Salat is the act of prayer five times per day. The Mulsim faces in the direction of Qibia (towards the Ka’ba in Mecca) to pray. The obligatory times of paryer are: Fajr (between the break of dawn and sunrise), Zuhr (between midday and afternoon), ‘Asr (between late afternoon and sunset), Maghrib (between sunset and darkness), and Isha (just before sleep). The calling of the failthful to prayer is called the Adhan, and the one who calls the faithful is the Muadhin. Prayer is led by an Imam, or teacher, and is not an official position; the Imam is selected by the faithful based on his knowledge of the Qur’an.

Also called Sawm, Siyam is the act of religious fasting. Muslims are required to fast in between sunrise and sunset during the month of Ramadan, and several other days during the year. The fast includes food and drink, sexual relations, lying, gossip, and quarreling. The old and infirm are excepted from the fast of food and drink.

Also called the Zakah, Zakat is a 2.5% charity tax on income and property that is distributed according to the Shariyah, or Islamic law. This is used to even wealthe among the rich and poor, and can be used for community welfare projects.

Hajj is a journey to the Ka’ba at Mecca that all financially and physically able Muslims must make once in their lives.

Muslim Holidays
Muslims follow a lunar calendar which satarted with the Hegira. Their holy days are:
Rais Al-Sannah – Also called Al-Hijral Muharram, is the Muslim New Year
‘Ashura – honors the martyrdom of Imam Husain, grandson of Muhammed (pbuh) and 70 others for refusing to submit to the Umayyad Kaliphah
Mawlid Al-Nabi – the birthday of Muhammed, this holiday was first celebrated in the 13th century. Mawlid Al-Nabi is considered idolatrous by some of the more conservative Muslim sects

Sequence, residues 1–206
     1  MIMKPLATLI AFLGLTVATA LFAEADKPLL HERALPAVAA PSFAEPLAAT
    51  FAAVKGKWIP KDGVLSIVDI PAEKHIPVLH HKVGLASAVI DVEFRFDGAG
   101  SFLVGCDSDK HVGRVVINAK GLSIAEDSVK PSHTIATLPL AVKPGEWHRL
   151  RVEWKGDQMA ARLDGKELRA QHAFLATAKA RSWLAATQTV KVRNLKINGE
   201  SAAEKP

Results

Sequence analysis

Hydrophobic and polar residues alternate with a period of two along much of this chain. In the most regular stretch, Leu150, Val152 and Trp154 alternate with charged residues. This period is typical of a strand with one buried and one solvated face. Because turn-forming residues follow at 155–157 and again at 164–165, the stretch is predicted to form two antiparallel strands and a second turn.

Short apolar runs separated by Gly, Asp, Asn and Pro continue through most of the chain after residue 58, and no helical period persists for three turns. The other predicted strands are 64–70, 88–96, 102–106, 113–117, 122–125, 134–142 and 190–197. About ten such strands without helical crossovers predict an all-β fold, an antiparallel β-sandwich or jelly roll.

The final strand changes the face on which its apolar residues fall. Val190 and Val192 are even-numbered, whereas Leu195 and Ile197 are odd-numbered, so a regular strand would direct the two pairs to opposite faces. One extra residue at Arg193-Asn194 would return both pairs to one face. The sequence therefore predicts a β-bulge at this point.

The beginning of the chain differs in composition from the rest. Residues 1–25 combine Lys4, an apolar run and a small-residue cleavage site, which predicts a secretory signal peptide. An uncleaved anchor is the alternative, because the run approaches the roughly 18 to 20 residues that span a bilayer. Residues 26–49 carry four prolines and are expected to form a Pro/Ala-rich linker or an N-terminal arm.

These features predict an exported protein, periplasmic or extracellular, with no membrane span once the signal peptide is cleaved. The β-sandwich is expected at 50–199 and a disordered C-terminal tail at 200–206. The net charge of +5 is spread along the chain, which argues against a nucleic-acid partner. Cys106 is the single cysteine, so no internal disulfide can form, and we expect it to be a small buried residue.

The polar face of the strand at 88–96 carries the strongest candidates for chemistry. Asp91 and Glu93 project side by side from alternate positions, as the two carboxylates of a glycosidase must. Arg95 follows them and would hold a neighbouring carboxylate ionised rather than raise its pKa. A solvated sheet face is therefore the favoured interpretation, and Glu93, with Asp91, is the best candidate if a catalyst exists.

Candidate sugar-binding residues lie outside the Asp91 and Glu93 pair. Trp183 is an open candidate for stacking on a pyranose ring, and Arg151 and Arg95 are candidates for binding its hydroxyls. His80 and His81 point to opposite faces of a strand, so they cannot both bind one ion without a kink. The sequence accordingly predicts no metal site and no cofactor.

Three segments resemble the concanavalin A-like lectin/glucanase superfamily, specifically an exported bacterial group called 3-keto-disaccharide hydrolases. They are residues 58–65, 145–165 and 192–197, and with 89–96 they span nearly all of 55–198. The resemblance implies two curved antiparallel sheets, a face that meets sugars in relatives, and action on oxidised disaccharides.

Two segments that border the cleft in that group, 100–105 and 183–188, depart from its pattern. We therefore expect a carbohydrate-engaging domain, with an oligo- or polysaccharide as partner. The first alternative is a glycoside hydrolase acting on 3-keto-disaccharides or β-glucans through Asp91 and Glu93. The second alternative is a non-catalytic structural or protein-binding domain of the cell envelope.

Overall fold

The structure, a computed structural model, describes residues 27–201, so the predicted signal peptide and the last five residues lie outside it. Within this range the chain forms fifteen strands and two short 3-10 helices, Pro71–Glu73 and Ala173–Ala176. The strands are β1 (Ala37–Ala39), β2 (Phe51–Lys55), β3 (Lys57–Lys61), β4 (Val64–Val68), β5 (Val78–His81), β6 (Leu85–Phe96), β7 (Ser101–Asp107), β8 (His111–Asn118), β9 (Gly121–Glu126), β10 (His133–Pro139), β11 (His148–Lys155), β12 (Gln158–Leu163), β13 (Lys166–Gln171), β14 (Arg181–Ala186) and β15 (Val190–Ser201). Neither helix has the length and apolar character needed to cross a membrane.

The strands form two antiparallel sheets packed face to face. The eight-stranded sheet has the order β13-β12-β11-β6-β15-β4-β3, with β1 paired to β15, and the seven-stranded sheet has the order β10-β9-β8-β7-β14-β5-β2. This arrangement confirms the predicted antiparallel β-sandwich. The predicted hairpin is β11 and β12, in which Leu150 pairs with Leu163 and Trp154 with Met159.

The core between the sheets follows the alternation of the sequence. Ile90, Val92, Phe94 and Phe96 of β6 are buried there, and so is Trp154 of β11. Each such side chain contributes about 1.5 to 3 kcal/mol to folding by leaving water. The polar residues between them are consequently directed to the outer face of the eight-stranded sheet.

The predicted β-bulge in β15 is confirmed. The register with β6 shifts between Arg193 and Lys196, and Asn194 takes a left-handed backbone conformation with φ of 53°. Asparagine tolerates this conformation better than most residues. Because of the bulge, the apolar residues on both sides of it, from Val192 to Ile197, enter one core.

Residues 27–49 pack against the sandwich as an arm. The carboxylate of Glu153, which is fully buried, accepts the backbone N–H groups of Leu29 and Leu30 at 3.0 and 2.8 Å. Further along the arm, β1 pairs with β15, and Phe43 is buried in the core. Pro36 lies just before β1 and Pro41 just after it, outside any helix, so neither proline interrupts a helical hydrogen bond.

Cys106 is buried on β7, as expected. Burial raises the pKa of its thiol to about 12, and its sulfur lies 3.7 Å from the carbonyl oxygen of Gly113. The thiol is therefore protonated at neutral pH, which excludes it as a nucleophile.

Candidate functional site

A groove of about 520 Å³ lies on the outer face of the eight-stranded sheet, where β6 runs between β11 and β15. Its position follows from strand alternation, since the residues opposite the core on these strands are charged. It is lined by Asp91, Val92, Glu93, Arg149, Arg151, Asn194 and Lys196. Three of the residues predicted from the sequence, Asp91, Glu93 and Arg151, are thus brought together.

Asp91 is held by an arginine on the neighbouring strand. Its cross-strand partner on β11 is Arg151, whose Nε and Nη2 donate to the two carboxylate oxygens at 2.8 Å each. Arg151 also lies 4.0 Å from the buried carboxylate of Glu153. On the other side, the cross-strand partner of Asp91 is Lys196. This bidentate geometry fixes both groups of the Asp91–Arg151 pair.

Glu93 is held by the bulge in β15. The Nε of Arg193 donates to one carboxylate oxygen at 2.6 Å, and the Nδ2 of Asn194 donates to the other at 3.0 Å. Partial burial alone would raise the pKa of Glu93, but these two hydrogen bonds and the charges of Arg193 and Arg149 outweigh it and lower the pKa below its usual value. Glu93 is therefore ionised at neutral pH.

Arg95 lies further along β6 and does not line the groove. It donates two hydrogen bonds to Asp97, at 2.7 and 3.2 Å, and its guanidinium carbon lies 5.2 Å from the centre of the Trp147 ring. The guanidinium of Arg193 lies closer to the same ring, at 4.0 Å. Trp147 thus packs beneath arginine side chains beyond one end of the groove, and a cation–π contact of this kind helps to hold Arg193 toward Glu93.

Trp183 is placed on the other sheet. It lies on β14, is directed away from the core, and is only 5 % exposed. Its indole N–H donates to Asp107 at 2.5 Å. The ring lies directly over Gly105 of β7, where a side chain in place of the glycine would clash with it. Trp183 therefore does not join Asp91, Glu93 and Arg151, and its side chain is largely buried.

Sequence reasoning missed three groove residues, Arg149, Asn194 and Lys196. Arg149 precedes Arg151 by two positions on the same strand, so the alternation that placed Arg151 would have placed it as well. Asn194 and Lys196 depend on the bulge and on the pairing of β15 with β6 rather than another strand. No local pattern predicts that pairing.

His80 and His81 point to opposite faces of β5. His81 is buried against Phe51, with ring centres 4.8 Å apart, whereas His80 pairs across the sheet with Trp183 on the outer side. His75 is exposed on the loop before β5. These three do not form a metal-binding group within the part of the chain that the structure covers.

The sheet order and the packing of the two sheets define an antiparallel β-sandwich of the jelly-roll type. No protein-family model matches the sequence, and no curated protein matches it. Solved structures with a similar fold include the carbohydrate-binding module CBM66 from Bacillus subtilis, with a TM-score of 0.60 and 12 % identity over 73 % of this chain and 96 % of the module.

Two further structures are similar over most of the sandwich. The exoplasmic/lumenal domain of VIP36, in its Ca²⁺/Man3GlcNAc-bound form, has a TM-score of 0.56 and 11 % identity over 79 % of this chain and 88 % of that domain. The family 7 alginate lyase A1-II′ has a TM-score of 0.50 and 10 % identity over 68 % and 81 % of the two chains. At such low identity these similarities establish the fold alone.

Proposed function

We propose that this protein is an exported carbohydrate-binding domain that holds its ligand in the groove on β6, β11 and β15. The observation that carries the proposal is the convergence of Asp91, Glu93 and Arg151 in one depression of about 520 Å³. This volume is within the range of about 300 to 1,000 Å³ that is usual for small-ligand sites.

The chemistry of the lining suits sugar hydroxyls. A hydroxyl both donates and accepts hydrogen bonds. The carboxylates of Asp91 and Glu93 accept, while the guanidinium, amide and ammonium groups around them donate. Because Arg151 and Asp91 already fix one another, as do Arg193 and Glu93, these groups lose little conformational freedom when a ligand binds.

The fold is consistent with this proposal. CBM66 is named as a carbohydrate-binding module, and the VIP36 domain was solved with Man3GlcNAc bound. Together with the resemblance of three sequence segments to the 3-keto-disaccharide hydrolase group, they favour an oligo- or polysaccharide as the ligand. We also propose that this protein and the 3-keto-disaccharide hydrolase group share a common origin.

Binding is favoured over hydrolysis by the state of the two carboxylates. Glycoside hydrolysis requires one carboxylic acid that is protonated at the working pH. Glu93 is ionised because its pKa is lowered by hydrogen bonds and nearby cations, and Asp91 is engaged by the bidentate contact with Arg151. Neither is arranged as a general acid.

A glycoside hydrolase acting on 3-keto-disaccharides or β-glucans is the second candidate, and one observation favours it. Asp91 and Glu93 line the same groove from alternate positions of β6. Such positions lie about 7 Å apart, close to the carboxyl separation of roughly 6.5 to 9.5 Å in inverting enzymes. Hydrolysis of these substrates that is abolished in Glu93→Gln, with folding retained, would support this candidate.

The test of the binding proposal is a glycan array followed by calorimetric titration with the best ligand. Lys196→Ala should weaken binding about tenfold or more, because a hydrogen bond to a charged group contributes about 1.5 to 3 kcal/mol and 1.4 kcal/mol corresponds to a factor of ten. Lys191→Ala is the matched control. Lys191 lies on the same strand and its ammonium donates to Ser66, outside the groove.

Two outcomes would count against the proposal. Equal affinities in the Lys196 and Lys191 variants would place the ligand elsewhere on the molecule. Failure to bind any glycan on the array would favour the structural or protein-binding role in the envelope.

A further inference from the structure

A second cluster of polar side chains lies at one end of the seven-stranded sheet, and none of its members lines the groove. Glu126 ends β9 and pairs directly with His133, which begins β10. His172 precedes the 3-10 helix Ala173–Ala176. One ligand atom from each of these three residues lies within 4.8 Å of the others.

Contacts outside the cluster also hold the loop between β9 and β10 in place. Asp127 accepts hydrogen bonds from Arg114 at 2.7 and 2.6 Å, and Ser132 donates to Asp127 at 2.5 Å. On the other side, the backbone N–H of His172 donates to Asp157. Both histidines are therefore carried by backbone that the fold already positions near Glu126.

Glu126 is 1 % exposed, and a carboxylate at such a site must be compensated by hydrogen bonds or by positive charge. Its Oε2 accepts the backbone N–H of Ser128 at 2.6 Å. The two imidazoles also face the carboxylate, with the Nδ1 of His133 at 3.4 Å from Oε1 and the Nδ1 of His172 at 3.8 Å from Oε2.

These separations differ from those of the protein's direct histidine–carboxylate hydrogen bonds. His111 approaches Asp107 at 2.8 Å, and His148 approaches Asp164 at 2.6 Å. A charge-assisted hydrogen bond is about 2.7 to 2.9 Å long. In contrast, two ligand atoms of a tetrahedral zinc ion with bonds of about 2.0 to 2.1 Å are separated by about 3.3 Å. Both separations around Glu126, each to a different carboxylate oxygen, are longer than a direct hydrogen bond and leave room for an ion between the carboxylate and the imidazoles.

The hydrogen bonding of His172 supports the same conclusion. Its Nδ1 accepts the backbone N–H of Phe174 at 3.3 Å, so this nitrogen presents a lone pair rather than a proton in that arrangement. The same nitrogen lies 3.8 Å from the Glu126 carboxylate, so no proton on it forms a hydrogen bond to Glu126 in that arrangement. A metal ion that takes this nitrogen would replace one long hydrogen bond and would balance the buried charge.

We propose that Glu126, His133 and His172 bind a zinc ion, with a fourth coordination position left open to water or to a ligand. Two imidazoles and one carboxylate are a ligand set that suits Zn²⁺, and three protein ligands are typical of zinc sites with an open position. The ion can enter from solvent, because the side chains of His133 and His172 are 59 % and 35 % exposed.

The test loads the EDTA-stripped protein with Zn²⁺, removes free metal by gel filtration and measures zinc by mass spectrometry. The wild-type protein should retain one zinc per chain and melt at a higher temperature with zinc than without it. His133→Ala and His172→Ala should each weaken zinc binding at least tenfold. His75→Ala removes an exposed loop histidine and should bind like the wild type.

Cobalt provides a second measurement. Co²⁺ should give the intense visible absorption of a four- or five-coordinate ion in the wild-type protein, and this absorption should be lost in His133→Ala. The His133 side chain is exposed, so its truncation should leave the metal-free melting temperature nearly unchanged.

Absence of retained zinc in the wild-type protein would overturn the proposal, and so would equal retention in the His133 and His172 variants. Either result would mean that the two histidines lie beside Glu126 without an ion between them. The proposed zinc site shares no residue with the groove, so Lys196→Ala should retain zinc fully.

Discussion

Ramadan – this most sacred of Muslim holidays runs through the 9th lunar month and honors the time of the First Revelation
‘Id Al-Fitr – the first day after Ramadan is celebrated as a time of joy with decorating and gift-giving
‘Id Al-Adha – Day of Sacrifice recalls when Abraham was instructed by God to sacrifice his son. This is the traditional time for the Hajj.

Schools of Islam
Sunni – represent 90% of Muslim society, and considered the mainstream traditionals. The Sunni tend to be more comfortable with different, including secular, cultures.
Shia – The Shi-ites represent a small minority of the Muslim population and follow a strict interpretation of the Qur’an and Shariyah. The Shi’ites split from the Sunni due to a conflict of succession of the Kaliphah.
Sufi – The Sufi concentrate on a personal relationship with God, and use a combination of ritual, dane, and mediatation to commune with Him. To me, this seems to be an interesting parallel to Christian Gnostics. There are Sufi Muslims in the Shia and Sunni schools.
Although there are different schools of Islam, mosques are non-denominational and any Muslim may worship in any Mosque.

Religious Tolerance Website – Introduction to Islam – by B. A. Robinson
The Wisdom Fund – The Truth About Islam – by Enver Masud
Islamic Affairs Department – Introduction to Islam – by the Royal Embassy of Saudi Arabia
Mideast Institute – Introduction to Islam – by M. Cherif Bassiouini

Well, there’s the basics that I have learned so far about Islam. All intelligent discussion, including critique and error reports is welcome in the Comments section.